Welcome to my zone 9a habitat garden near Houston, Texas.

Monday, July 15, 2013

Garden Bloggers' Bloom Day - July 2013

After missing June's Bloom Day because I was on the road at that time, I have quite a bit to show you for July. It's the height of summer here. The weather is hot and dry and the garden is being tested, but most of my plants are tough old things that know how to withstand adversity and flourish in spite of it. Here are some of them.

One of my most dependable bloomers throughout the long summer is the 'Caldwell Pink' rose.

 'Dallas Red' lantana seems to positively delight in the heat of summer.

 Several of the hybrid daturas that I started from a mixed packet of seeds this spring have bloomed beautifully this summer, including this purple double bloomer. 

 The wild elderberry along the back fence has been full of blooms as usual. Many of those blooms have already turned to shiny black berries which don't last long around all the hungry birds that call my garden home.

 The old cannas continue to put out some blooms right up until first frost in December.

 'Mystic Spires' salvia blooms with the cannas in the background.

 The old-fashioned yellowbells Tecoma stans never misses a beat in all the summer heat.

 I added a new Tecoma called 'Orange Mahogany' this year. It hasn't hit its stride yet, but it's coming along.

 The wine-colored evergreen wisteria blooms hang heavy on the fence where they live.

'Pride of Barbados' is reaching its peak of bloom. 

 I've been very pleased with the performance of Justicia 'Orange Flame' that I added to the garden in spring.

 The 'Ellen Bosanquet' crinums bloom heavily throughout July.

The old sunshine yellow hibiscus is flowering beautifully again this summer.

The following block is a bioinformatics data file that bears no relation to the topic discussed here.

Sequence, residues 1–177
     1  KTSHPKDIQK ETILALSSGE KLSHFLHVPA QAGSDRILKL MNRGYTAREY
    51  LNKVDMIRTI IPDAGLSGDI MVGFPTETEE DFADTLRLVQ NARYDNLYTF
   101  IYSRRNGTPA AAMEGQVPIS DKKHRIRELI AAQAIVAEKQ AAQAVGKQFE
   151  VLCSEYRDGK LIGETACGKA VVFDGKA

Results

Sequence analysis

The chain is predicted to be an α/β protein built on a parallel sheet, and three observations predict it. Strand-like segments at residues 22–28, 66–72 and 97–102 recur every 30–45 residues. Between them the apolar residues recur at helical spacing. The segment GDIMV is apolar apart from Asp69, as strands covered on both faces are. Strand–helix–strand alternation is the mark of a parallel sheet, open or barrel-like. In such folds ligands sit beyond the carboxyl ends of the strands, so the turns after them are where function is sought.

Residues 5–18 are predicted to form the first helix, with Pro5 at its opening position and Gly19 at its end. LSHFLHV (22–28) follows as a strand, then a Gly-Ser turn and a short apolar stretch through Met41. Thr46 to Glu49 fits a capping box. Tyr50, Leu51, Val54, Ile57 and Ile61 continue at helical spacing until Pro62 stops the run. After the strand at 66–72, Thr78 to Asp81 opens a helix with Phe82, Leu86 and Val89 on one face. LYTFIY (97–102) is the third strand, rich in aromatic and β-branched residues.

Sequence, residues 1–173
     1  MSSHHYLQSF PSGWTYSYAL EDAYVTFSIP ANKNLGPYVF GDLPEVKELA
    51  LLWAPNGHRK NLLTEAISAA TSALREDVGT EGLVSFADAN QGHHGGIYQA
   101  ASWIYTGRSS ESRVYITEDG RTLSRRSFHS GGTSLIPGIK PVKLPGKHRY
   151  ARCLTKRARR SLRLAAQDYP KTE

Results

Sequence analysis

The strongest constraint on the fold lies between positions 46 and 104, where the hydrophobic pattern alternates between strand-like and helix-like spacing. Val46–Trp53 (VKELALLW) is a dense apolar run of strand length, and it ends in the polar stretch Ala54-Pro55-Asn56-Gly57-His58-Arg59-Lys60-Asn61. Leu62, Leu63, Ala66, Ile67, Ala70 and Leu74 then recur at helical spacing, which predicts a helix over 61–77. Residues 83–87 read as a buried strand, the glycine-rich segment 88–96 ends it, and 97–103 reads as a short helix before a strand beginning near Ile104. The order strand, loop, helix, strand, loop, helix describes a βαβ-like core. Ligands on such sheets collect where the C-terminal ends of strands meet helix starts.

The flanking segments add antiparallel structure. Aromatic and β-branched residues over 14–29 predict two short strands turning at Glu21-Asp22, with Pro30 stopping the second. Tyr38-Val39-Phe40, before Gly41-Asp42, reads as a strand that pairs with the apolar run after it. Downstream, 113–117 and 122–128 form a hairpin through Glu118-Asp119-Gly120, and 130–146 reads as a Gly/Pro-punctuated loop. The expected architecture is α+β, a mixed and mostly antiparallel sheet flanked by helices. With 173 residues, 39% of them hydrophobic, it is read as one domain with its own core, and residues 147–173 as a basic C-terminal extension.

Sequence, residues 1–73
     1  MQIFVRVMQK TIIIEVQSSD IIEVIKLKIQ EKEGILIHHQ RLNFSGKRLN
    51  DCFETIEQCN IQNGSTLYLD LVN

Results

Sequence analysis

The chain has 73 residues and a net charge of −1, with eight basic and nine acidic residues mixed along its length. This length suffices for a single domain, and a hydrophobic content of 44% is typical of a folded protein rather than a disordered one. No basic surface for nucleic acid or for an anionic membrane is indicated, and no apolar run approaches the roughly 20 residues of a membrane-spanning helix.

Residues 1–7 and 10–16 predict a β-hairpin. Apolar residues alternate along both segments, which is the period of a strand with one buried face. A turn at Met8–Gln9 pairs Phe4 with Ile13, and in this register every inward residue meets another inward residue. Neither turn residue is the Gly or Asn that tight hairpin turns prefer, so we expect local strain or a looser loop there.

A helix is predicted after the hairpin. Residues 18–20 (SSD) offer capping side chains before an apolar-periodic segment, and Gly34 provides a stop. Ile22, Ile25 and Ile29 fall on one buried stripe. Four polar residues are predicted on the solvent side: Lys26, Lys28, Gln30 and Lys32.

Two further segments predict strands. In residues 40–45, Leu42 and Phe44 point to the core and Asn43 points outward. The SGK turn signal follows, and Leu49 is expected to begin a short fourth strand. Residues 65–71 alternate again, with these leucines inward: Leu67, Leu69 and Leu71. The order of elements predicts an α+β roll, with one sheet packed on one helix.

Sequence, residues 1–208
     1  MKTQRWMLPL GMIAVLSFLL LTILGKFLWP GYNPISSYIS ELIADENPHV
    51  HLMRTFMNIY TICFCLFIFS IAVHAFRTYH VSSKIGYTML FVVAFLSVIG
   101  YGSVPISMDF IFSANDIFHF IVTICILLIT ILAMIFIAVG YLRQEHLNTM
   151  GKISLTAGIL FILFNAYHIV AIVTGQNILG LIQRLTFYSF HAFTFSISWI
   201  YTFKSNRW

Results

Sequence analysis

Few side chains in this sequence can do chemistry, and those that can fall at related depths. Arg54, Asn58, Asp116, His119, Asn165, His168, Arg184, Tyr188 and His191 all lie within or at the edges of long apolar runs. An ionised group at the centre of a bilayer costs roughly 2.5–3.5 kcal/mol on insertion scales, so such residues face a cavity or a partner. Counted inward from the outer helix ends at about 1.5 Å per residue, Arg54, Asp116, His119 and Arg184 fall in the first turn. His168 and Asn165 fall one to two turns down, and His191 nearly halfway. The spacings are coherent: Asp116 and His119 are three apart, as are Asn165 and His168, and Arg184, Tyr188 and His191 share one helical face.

I'm quite fascinated by the odd blooms of the shrimp plant. Strangely enough, hummingbirds absolutely love this plant.

 This delicate little tickseed flowers repeatedly throughout summer.

 As does the 'Montrose Purple' vitex.

 Red 'Texas Star,' a swamp hibiscus that does well here.

 And here's the white version of that hibiscus.

 The blooms of the Texas sage are triggered by rainfall. We had just about one-eighth of an inch of rain a few days ago and now the plant is full of blooms! 

 Yellow cestrum, a favorite of hummingbirds, bees, and butterflies blooms profusely throughout summer.

 Jatropha sends out its tropical blossoms next to my little pond.

 Several gerbera daisies, represented by this delicately colored specimen, are flowering around the garden.

 The native datura that lives next to my patio was full of its scented white blossoms early this morning.

Finally, to cool things off a bit, here's one of my water lilies enjoying its summer among the goldfish in my pond.

There's even more, like the Hamelia patens and Anisacanthus wrightii that I seem to feature in almost every post, but this seems a good place to stop. Thank you for visiting this month, and thank you to Carol of May Dreams Gardens for again hosting Bloom Day. 

Happy gardening!


  1. Lots to enjoy on your blog. You grow many of my favorites. Happy Bloom Day.

  2. I love the Vitex and the Tecoma. My elderberry is blooming right now, too. I keep it in a corner of my back garden I call The Thicket.

    1. "The Thicket" - I like that! I think I'll steal it for my back fence area.

  3. Replies
    1. There were several colors and shapes in the mixed packet of seeds that I planted. This is one of my favorites.

  4. Your garden looks amazing - you have so many tropical looking plants that obviously relish the heat! I just love that yellow hibiscus. I've tried growing hardy hibiscus up north, but no luck so far.

    1. That hibiscus dies back to its roots each winter but so far it has come back like gangbusters in the spring.

  5. OMG...that Wisteria is just stunning...I've never seen on that color before!

    1. That wisteria is actually a native of tropical and subtropical regions, but it does very well in this part of Texas and it is not nearly as invasive as the purple wisteria that we are all familiar with.